- Joshua Sherman Productions
- Benjamin Lerner
In the months after my move to Vermont, I had managed to forge connections with a small number of influential people through my professional network. I was excited to use my music and writing as a platform to advocate for recovery, but I still felt that I was underqualified to speak as an ambassador for the sobriety community.
After losing myself in a fog of anxious contemplation for several minutes, I was roused from my catatonia by the sound of a closing car door. My boss stepped out of his car and approached me with a beaming smile. As we walked into the foyer of the inn together, the proprietor welcomed us with an enthusiastic greeting. We exchanged lighthearted pleasantries as she led us back to a well-appointed living room with plush chairs and lacquered wooden tables. My boss and I then sat down in two opposite chairs, trading humorous stories as we waited for the public servant to arrive.
Several minutes later, she walked through the doorway. My comportment was timorous and reserved as I shook her hand with a sheepish grin. As I sat back down, I felt my feet beginning to tremulously shake in my shoes. After speaking about the local substance-use treatment programs and restorative justice initiatives for several minutes, the public servant looked me in the eye and asked me an unexpected question:
“What do you think is the best way to reach people with substance-use disorder who are still struggling?”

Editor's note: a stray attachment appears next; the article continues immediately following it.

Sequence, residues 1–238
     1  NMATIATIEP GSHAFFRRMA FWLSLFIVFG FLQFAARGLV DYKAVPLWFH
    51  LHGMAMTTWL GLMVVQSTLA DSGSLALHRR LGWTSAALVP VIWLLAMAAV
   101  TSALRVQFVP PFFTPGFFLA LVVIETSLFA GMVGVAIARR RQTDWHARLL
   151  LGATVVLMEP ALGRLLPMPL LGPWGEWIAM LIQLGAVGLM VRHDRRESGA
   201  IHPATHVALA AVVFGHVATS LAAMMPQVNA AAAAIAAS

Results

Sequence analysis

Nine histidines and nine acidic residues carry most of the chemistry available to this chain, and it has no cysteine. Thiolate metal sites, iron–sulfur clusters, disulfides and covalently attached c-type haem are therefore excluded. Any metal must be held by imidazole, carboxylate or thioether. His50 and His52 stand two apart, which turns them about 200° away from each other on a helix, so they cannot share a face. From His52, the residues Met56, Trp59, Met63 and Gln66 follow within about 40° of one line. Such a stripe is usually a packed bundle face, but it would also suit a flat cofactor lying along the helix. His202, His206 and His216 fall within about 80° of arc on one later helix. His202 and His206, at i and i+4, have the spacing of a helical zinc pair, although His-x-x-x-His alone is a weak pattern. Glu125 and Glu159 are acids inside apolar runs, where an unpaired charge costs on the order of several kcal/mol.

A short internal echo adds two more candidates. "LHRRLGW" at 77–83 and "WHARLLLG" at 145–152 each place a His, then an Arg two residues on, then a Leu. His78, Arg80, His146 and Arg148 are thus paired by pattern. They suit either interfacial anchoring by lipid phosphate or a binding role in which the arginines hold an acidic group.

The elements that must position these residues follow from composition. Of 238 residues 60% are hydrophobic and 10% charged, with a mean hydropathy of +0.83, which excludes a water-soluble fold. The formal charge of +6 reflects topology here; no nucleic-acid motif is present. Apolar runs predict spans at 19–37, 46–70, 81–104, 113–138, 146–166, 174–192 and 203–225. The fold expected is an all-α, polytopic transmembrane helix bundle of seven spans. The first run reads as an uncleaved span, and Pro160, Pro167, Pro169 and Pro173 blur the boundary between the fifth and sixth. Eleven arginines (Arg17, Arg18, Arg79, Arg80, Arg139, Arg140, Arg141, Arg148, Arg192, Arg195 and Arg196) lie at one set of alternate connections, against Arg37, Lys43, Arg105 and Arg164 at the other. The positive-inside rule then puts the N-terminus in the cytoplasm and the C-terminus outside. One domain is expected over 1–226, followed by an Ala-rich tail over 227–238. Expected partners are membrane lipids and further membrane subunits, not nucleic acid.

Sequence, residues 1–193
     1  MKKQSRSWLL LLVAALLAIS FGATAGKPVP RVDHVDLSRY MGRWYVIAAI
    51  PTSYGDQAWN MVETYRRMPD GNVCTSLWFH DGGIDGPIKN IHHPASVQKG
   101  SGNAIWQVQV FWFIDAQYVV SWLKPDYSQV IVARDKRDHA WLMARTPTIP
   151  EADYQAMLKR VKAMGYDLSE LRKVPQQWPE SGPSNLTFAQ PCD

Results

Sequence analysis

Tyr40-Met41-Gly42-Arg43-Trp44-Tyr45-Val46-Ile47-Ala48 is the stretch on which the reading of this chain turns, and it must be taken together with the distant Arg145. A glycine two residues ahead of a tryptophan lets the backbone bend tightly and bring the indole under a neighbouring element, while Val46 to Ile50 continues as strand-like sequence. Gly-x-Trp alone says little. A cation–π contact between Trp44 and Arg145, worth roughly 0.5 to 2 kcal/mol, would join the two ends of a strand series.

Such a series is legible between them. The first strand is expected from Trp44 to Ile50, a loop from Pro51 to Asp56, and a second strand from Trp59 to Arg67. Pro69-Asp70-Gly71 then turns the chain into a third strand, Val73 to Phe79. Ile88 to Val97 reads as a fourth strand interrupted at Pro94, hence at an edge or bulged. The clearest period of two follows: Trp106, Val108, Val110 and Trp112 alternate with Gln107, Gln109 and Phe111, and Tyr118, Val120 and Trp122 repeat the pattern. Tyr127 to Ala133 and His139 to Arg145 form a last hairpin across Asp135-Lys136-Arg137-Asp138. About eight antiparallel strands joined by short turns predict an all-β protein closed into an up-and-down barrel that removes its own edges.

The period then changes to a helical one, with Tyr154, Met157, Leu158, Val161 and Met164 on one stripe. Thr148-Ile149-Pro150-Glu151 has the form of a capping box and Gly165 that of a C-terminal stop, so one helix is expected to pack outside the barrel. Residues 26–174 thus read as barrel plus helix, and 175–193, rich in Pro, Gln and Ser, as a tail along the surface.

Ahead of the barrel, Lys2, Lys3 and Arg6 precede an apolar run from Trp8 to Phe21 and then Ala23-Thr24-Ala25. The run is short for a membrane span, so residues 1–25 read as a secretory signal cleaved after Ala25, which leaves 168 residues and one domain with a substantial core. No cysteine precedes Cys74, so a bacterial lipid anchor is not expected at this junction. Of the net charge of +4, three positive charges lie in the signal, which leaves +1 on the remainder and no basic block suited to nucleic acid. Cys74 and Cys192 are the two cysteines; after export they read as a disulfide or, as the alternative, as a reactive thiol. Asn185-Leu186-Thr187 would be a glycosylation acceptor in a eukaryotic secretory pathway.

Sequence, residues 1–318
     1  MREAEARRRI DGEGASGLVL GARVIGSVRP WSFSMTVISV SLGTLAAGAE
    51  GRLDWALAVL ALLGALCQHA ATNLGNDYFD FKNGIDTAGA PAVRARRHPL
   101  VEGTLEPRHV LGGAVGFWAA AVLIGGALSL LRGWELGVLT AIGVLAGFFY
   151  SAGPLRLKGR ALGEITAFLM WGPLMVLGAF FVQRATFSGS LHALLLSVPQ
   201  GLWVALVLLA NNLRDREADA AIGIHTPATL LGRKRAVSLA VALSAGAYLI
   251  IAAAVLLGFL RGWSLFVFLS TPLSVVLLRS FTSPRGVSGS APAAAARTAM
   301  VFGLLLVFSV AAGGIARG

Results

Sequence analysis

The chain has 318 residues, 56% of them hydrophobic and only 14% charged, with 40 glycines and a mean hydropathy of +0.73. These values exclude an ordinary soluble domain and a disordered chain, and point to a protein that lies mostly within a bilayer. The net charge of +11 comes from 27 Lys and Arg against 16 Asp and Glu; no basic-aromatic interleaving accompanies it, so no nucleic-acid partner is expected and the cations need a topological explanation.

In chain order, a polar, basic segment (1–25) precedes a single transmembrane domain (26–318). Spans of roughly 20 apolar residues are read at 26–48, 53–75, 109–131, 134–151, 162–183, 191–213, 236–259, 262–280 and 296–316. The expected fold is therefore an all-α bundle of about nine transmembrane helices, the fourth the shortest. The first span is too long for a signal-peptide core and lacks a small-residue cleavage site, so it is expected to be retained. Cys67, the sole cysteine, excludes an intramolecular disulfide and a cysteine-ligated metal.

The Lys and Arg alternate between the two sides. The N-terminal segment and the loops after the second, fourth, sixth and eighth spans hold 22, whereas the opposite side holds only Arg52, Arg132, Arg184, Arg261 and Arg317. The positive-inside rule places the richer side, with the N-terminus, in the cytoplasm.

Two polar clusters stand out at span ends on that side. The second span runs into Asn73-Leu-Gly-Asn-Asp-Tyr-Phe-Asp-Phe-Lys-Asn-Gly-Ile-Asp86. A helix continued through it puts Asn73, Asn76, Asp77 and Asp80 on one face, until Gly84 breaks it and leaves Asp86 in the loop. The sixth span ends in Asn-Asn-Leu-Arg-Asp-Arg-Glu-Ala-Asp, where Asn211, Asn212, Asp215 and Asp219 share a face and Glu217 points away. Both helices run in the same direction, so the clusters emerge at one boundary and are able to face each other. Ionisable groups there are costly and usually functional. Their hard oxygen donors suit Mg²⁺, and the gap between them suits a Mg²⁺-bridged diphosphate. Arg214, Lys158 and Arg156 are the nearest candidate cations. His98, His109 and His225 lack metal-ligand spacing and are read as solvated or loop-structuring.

In the several seconds of silence that followed, my brain lit up in a firestorm of overanalytical neurosis. I wanted to offer an insightful response that would leave a lasting impression and keep the conversation moving forward in a constructive direction. I gritted my teeth as I attempted to conjure an eloquent string of perfectly chosen words. I was finally in a position to make a real difference, but I was trapped in a state of self-conscious doubt. It was then that I realized I didn’t have to try to impress anyone. I just had to tell the truth. I cleared my throat, took a deep breath and looked directly at her as I proceeded to speak.
“When I was still actively using, the most helpful thing that anyone ever did was to connect me with other people in recovery who understood what I was going through. Even when I wasn’t entirely ready to change, their advice and acceptance helped me to realize that I wasn’t alone.”
I was expecting my words to be greeted with skepticism and indifference. Instead, she responded with eager interest and offered keen insight about the healing power of local recovery fellowships. As the conversation continued, I understood that I didn’t have to have a fancy degree or an impressive résumé to make a positive impact. Recovery had given me the ability to speak for those who could not speak for themselves — and the courage to advocate for what I believed in.
Keep moving forward.
Run towards the truth.
Don’t quit before the miracle happens.